The Fault in Our Stars
To be honest, I feel like there is nothing I could possibly write that would justly relay to you how amazing The Fault in Our Stars is.
I’m serious! I strongly recommend you stop reading this review and go read the book. You’re not convinced? Fine.
Hazel is sixteen years old. She’s smart, sarcastic, funny and thoughtful. The only problem is, her lungs "suck at being lungs."
Because of her illness, Hazel can’t see much point in leaving the house, but her mum still forces to go to a support group she doesn’t enjoy. That is, until Augustus Waters, a seemingly "in no way unacceptable" 17-year-old shows up and befriends her.
Look, I know what you’re thinking: "Wait, the main character’s sick? I don’t want to read a book that’ll make me sad!"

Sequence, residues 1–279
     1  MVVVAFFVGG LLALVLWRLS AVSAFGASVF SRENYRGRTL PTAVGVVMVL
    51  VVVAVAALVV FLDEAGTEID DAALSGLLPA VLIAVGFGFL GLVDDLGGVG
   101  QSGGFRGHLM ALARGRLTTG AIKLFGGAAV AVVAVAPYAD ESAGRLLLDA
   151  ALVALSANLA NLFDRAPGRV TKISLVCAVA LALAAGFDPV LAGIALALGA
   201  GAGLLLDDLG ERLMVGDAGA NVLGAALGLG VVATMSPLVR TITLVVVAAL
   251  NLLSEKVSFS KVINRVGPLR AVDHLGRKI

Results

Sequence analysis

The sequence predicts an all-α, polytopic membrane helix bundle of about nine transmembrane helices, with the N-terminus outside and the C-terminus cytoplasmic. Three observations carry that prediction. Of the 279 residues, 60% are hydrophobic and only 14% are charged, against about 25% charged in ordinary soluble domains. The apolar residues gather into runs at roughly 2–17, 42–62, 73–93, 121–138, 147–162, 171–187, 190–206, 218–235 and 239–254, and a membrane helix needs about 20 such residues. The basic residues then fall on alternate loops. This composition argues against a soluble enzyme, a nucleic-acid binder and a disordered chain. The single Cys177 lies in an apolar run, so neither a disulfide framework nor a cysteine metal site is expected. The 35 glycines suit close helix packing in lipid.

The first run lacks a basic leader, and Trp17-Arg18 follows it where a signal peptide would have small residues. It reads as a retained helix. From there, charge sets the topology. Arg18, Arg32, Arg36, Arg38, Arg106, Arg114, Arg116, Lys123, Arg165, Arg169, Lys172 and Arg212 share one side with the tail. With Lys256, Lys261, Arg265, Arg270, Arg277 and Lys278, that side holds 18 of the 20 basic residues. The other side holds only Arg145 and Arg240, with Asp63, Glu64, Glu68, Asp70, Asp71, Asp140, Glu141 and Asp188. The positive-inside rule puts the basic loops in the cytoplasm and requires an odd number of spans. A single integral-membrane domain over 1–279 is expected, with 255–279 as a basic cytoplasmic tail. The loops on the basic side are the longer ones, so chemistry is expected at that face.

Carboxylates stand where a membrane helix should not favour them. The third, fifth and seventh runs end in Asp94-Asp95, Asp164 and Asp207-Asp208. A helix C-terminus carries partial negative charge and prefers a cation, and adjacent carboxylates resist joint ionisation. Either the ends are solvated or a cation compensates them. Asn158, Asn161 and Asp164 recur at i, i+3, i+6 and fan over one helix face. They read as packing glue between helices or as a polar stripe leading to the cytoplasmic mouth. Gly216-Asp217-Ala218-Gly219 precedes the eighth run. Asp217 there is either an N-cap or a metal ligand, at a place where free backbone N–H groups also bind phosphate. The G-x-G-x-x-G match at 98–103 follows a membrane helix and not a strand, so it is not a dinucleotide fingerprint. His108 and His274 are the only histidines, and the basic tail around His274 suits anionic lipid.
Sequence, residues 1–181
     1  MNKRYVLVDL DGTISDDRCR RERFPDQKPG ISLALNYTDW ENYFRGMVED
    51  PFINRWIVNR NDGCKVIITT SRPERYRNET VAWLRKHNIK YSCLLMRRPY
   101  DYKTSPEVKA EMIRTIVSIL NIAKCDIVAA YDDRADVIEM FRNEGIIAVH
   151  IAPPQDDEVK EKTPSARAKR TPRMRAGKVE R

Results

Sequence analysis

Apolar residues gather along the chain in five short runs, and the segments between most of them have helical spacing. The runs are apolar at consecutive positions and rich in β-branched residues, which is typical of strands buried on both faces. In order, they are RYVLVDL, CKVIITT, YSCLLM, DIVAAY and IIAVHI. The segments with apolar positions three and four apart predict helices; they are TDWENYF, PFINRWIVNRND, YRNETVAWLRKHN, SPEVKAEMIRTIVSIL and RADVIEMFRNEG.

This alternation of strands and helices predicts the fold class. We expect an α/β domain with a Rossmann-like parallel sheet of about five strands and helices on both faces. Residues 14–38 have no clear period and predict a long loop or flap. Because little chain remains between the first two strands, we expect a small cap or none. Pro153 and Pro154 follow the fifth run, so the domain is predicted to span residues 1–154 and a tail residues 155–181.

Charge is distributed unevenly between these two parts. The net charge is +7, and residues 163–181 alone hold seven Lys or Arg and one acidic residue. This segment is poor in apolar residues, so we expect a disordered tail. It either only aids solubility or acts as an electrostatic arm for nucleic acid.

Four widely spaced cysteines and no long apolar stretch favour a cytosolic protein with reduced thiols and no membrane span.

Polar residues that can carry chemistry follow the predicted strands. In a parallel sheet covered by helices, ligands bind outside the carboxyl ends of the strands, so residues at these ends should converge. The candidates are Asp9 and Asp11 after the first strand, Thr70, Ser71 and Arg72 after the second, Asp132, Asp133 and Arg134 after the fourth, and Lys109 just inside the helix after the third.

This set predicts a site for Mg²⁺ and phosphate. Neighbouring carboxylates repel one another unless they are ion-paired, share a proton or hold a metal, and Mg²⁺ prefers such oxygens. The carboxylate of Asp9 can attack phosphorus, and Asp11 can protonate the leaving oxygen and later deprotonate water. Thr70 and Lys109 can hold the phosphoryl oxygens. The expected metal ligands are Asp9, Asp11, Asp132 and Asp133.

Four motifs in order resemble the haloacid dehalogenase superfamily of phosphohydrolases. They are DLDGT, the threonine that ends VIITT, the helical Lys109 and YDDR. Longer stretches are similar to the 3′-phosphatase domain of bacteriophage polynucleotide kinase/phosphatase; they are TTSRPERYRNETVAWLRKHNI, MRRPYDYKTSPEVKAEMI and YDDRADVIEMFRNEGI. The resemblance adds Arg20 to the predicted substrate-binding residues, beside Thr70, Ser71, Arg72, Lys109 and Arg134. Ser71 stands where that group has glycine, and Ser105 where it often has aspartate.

Believe me, though, The Fault in Our Stars is worth the tears.
Yes, the book is undeniably about cancer and dealing with the prospect of death, but it’s also about life and love, and every theme is dealt with in an interesting and thoughtful way. Making you feel bad or guilty obviously wasn’t on the author’s to-do list.
In fact, I’m sure my parents in the next room were kept awake by my involuntary laughter! I don’t think I have ever read a book so witty and honest.
In my opinion, The Fault in Our Stars isn’t the story of Hazel’s illness. It’s the story of Hazel.
You see, John Green (whose previous books include Looking for Alaska and Paper Towns) has a way of making his characters seem real, more than text on a page, and this skill is extremely apparent in The Fault in Our Stars. I mean, this novel is still occupying my thoughts long after I turned the final page.
The only reason I can think of for not reading The Fault in Our Stars is that it may prove difficult to find a book that lives up to it!
I just really want to give John Green a massive hug and sincerely thank him for writing such a beautiful book. And then tie him to a chair and force him to write a sequel.
5 out of 5.
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